Author(s): Kalra J, Anantha M, Warburton C, Waterhouse D, Yan H,
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Abstract A significant issue in drug efficacy studies is animal study design. Here we hypothesize that when evaluating new or existing therapeutics for the treatment of cancer, the location of disease burden will influence drug efficacy. To study this, Female NCr nude mice were inoculated with luciferase-positive human breast cancer cells (LCC6WT-luc) orthotopically (o.t.), intraperitoneally (i.p.) or intracardiacly (i.c.) to create localized, ascites or disseminated disease, respectively. Tumor development was monitored using bioluminescence imaging. Docetaxel (Dt) pharmacokinetics and distribution to sites of tumor growth were determined. Disease progression was followed in animals treated with Dt alone and in combination with QLT0267, an Integrin Linked Kinase inhibitor. Tumor related morbidity was most rapid when cells were inoculated i.c., where disease progression was observed in brain, ovaries, adrenal glands, and lungs. Dt pharmacokinetics were comparable regardless of the model used (mean plasma AUC0-24 hrs 482.6 ng/ml*hr), however, Dt levels were lowest in those tissues developing disease following i.c. cell injection. Treatment with low dose Dt (5 mg/kg) increased overall survival and reduced tumor cell growth in all three models but the activity was greatest in mice with orthotopic tumors. Higher doses of Dt (15 mg/kg) was able to prolong survival in animals bearing i.p. tumors but not i.c. tumors. Addition of QLT0267 provided no added benefit above Dt alone in the disseminated model. These studies highlight a need for more comprehensive in vivo efficacy studies designed to assess multiple disease models and multiple endpoints, focusing analysis of drug parameters on the most chemoresistant disease.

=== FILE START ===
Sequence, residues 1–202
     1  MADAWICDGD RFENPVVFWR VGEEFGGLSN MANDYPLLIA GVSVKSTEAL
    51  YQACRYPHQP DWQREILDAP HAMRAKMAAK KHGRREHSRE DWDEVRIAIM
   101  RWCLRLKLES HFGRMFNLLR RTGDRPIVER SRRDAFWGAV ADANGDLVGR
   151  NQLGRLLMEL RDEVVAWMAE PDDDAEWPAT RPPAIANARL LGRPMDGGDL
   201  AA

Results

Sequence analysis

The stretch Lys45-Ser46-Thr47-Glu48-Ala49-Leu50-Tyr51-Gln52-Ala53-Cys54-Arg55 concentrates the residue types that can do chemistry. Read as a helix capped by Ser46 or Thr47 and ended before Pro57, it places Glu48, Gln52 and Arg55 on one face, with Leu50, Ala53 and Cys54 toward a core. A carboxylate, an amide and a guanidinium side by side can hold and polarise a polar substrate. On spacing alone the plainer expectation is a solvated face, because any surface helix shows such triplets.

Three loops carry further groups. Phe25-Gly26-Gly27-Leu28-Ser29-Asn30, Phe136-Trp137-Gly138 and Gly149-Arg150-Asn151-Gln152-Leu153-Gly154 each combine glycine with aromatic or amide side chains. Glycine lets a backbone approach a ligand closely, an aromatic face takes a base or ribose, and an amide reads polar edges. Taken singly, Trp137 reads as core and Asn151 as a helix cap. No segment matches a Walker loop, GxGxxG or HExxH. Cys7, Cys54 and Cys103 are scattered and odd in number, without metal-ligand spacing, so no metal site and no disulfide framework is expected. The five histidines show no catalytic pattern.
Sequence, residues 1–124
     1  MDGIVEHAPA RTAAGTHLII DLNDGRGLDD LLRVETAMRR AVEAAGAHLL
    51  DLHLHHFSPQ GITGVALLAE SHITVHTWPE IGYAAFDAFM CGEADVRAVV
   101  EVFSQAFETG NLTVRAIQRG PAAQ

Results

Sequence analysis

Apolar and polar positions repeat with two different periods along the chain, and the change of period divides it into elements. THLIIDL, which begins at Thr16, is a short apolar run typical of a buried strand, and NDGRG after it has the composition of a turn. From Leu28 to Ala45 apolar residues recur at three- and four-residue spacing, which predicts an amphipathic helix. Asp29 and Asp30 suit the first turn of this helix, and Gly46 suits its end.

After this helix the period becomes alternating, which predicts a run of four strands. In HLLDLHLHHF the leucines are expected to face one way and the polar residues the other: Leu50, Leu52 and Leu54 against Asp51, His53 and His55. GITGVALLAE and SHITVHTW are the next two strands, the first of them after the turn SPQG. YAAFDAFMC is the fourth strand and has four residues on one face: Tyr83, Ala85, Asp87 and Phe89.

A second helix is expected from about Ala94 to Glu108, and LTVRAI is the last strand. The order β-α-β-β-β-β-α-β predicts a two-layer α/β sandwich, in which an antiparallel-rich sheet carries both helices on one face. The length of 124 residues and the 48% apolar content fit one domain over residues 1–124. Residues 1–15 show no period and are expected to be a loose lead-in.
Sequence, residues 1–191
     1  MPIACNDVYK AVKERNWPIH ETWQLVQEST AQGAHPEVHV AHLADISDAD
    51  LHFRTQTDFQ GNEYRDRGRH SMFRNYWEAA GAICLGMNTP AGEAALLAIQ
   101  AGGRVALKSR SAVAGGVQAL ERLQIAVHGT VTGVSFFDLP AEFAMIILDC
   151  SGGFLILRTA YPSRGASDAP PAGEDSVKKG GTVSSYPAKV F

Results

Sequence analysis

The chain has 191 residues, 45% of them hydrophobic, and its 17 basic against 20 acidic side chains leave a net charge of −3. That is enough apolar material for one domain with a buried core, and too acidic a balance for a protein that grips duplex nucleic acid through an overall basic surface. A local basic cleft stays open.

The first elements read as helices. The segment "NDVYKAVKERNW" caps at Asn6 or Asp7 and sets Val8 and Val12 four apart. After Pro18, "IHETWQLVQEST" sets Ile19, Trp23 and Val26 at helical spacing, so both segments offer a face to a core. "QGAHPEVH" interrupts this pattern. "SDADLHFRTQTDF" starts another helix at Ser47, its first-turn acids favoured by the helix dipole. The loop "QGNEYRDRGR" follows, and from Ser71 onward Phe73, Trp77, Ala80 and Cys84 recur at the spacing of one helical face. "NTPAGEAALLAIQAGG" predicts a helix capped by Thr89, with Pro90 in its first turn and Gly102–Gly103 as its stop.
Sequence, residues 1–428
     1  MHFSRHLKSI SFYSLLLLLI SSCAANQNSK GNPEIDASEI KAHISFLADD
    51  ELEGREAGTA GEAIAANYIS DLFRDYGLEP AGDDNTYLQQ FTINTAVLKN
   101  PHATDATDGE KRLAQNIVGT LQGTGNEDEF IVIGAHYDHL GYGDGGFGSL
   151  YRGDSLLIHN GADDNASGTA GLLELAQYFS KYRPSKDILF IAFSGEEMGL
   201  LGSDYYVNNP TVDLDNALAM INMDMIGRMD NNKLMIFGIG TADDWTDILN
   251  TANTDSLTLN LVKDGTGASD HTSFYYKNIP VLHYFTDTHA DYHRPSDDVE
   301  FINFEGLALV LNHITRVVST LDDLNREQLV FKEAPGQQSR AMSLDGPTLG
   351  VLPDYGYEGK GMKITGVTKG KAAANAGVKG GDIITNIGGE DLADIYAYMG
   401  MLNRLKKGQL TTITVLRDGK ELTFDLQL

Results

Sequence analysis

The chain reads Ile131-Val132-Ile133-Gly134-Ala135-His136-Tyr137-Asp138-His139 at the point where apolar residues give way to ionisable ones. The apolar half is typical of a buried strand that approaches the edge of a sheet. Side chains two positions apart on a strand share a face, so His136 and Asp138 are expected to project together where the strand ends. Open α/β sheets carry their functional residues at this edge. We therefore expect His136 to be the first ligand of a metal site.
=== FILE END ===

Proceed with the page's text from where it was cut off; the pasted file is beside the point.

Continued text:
This article was published in Cancer Biol Ther
and referenced in Journal of Cancer Science & Therapy